As a wedding gift, my in-laws bought my wife and me a propane gas grill. I had heard of charcoal, but because I now owned a propane grill and a marriage license, I assumed the two vessels of outdoor cooking were basically the same.
What a sad and naive little man I was.
A couple years later, at a good friend’s house, I watched (for the first time) the process of charcoal cooking. Then I tasted the burgers. And then I saw God.
Okay, maybe the experience was not quite that intense.
But I did convert.
The next Father’s Day I had the blessing of buying my first charcoal grill, the one I still have, and I have never looked back. So, as a kickoff post for the Grace Table family, here are three reasons why charcoal rocks (cue the rimshot).
1. Charcoal takes time.
In our fast-paced culture where most foods are micro-nuked out of a plastic box, charcoal demands not only that true cooking take place, but that the chef also be truly present.
My favorite meal on the charcoal grill is slow-roasted pork BBQ. It marinades over night in a dry rub, only to await the heat of a wood-chip soaked and glowing charcoal heated grill cooking it for six to eight hours. There is nothing like it when the meat tenderly falls off the bone, and it is worth every hour I’ve put into it.
2. Charcoal means deep flavor.
The idea of taking time is intentional. When something slows down, the flavor goes deeper. Slow cooking (and I’m not talking crock pot here) means that the seasonings, sauces, and combinations have the longevity of the cook to work their way deep into the dish.
You take your propane burger, I’ll wait for the charcoal one.
3. Charcoal means commitment.
This is probably elitist nonsense, but I think of myself as more committed to cooking because I’m a charcoal guy. I told you earlier, I’m snobby about it like I’m snobby about my Apple laptop and iPhone. You’re welcome to have your opinions, but of course you’re wrong. Snobby, I said.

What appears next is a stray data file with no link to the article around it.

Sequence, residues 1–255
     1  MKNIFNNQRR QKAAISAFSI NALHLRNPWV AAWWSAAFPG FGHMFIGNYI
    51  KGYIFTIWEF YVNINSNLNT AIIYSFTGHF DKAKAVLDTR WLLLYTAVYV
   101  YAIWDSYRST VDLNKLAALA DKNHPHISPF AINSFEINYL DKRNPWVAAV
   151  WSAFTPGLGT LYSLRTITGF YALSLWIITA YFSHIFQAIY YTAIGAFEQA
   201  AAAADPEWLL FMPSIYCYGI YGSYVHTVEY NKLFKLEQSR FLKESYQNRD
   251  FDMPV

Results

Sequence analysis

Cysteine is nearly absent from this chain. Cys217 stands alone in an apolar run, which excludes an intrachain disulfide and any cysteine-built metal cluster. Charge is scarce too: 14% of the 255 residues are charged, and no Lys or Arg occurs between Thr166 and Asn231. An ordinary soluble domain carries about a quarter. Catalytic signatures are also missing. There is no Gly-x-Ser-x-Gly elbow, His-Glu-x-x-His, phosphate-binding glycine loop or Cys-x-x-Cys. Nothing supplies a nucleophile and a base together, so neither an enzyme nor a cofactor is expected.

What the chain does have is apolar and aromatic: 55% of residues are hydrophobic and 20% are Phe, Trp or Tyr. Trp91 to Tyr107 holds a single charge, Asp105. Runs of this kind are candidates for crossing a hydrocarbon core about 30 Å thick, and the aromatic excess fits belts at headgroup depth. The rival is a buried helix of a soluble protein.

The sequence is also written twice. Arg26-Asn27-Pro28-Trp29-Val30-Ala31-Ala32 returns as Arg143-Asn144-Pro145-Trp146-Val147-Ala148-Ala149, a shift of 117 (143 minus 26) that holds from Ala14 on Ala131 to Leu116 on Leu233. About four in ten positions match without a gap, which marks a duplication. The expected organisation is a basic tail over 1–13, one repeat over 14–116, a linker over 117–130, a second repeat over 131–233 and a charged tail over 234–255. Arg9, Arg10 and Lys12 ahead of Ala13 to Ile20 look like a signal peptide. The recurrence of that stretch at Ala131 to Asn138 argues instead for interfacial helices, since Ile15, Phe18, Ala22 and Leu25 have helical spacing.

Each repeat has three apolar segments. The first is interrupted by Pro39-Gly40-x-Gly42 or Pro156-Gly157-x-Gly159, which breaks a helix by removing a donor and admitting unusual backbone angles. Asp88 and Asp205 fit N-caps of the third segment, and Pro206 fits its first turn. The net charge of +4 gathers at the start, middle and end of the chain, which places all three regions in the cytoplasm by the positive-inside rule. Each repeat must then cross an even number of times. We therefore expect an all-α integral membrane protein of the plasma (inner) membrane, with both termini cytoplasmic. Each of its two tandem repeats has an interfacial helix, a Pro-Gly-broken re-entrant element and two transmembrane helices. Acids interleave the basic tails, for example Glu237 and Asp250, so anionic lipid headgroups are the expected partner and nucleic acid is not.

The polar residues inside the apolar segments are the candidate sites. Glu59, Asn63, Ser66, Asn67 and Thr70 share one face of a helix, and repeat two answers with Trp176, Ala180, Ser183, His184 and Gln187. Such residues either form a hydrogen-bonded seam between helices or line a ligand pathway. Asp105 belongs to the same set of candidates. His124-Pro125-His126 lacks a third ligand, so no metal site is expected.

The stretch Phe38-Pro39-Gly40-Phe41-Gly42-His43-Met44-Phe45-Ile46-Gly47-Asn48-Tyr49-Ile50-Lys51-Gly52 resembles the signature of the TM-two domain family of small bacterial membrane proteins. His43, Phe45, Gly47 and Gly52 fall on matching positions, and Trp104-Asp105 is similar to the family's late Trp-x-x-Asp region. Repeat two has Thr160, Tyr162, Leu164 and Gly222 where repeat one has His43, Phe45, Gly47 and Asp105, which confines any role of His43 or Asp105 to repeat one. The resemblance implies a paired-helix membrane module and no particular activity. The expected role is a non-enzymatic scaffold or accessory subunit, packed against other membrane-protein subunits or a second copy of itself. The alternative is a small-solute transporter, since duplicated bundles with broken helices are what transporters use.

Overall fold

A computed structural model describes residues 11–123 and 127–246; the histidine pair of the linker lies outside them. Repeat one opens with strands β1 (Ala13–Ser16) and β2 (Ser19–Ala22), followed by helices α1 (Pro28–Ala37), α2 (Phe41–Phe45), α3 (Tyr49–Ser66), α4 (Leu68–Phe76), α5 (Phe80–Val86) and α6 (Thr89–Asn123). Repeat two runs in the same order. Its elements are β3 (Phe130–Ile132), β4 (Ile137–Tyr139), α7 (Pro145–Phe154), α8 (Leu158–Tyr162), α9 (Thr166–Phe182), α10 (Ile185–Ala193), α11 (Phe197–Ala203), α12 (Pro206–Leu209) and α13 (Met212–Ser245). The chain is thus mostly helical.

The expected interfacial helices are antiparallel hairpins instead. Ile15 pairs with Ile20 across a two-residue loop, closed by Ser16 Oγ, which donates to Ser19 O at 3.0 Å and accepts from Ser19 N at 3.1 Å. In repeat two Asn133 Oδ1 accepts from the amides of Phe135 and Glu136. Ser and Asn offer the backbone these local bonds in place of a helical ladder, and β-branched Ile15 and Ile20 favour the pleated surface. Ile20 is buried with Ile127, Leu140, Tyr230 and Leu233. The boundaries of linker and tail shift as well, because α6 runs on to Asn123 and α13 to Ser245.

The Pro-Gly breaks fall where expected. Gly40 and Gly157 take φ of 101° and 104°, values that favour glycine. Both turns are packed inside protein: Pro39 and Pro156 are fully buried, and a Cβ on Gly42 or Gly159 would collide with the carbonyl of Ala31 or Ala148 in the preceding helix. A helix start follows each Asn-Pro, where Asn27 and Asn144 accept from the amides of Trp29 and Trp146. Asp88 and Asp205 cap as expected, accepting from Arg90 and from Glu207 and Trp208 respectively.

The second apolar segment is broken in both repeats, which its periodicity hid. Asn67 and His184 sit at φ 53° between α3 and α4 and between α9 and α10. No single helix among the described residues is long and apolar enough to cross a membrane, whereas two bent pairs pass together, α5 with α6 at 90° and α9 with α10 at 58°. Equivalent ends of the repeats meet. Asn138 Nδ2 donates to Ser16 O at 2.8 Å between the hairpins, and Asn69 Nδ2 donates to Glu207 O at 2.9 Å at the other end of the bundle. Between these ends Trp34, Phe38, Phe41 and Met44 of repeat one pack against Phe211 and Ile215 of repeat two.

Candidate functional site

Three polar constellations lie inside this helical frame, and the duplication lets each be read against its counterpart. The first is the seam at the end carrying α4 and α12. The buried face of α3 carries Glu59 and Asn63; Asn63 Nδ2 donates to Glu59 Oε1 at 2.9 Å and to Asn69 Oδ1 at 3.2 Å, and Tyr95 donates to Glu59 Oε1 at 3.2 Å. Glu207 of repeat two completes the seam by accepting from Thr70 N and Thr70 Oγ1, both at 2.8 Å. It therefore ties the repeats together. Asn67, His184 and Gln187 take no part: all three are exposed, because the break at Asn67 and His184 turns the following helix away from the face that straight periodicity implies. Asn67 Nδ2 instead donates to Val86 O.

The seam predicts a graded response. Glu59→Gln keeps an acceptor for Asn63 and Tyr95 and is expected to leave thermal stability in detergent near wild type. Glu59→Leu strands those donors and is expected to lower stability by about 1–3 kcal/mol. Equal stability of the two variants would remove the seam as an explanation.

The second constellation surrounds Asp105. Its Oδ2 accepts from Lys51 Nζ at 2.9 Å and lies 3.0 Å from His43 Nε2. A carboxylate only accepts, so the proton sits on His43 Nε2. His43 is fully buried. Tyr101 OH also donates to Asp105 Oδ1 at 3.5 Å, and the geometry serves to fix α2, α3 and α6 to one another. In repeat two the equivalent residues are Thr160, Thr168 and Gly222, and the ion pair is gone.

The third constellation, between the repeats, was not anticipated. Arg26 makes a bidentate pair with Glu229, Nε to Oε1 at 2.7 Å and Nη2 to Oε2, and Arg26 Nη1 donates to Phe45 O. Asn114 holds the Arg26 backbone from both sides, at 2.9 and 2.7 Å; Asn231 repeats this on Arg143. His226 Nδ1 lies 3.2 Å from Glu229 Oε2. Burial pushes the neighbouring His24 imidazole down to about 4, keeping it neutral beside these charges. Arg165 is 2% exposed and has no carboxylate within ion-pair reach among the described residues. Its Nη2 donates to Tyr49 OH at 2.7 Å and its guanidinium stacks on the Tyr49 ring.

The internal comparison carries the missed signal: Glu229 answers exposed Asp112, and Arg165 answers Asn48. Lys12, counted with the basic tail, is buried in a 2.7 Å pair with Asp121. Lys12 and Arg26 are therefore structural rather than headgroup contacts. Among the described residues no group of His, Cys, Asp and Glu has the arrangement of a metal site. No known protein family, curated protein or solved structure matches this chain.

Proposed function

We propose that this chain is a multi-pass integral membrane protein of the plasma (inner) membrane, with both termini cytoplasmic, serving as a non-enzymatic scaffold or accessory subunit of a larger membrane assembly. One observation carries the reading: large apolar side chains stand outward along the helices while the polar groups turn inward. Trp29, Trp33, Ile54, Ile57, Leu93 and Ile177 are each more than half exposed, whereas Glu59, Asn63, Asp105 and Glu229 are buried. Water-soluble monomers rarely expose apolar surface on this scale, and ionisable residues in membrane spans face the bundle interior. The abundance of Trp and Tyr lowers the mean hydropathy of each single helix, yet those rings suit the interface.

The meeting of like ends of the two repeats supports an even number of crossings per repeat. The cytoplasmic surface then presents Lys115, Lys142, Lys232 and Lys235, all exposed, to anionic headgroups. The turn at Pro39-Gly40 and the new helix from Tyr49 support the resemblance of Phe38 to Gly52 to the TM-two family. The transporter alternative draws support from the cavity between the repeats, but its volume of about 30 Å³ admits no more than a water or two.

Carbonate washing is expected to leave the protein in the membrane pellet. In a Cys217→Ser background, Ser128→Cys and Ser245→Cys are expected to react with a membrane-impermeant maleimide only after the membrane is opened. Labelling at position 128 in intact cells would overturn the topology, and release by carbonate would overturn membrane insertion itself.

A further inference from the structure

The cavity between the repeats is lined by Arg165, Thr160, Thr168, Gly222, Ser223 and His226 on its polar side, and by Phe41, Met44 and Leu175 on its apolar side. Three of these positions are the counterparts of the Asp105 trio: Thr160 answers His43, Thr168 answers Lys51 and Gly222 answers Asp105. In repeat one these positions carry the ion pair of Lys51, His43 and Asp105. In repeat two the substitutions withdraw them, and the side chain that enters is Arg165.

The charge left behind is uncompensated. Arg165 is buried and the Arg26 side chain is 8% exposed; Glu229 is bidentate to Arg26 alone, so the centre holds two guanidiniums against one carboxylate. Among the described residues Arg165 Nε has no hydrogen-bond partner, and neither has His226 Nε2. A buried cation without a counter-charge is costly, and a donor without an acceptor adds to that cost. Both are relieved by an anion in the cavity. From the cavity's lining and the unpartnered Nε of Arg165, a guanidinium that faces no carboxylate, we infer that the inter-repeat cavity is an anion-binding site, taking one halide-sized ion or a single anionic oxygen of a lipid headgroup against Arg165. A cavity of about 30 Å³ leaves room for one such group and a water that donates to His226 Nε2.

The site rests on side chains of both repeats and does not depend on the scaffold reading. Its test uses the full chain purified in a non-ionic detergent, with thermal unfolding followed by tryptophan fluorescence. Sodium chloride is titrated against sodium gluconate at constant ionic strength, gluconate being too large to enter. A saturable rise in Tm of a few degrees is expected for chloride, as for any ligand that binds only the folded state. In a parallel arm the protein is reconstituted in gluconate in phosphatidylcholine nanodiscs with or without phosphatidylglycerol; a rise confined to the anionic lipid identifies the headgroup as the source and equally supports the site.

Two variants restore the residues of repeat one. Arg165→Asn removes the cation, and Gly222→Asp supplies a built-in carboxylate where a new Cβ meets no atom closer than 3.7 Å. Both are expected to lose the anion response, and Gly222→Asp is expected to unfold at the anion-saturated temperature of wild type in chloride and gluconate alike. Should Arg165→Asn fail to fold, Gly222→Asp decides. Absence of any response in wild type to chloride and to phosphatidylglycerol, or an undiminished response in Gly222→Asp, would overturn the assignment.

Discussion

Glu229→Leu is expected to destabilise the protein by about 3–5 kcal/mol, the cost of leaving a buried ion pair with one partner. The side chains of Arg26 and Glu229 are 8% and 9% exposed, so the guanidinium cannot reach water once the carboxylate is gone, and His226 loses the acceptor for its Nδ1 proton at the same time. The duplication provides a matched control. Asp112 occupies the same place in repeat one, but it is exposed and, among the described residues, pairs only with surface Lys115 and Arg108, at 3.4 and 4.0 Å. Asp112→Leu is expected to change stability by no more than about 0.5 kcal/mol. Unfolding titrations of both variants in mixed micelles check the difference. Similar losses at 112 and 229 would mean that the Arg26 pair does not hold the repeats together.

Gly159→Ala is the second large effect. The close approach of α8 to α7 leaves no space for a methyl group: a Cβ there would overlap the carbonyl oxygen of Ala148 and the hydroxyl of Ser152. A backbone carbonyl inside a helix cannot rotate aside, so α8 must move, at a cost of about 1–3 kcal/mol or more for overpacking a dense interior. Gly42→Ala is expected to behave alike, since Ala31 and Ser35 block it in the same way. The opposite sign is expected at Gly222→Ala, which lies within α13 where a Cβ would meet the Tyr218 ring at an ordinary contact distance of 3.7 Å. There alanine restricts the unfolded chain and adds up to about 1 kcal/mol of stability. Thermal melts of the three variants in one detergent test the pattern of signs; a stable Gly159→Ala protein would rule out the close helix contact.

When you ditch propane you commit.
You commit to time and effort and patience in your meals.
You reschedule evenings because it will demand that you have more freedom and space in your day to day.
Maybe more than anything else, my charcoal grill has been the metaphor for my pastoral ministry. I have the privilege of leading a young church plant in a forgotten region of rural West Virginia. We are not a sexy, trendy, progressive community full of artists and entrepreneurs looking for a modern style of church.
But we’re here. And God is growing us in the tedious work of transformation.
Ministry–what I define as life shared with others for the sake of Kingdom transformation–demands the same time, flavor, and commitment of that charcoal grill.
I am learning, over and over again, that shepherding others (which is what the word pastor literally means) cannot be microwaved. It is slow and painful and asks me to reorient my own life. It is about hospitality; sharing life with those around us in candid ways. It is about prayer and reflection and more than anything waiting…
Waiting for the evidence of God’s sovereign hand.
Waiting to see that marriage healed.
Waiting for the prodigal child to return to faith.
Waiting for the addict to take the right step.
Waiting for the flavor of relationships, the time of development, and the commitment of community to work its way deep into the life of others walking through this transformation.
So go ahead and tap your metal tank to see if there’s any gas left in it. And forgive me if I’ve offended your culinary prowess. But the next time you smell that summer charred smoke rising from someone’s back porch, may you slow down enough to simmer in the work of God’s transformative process in your life and the community around you.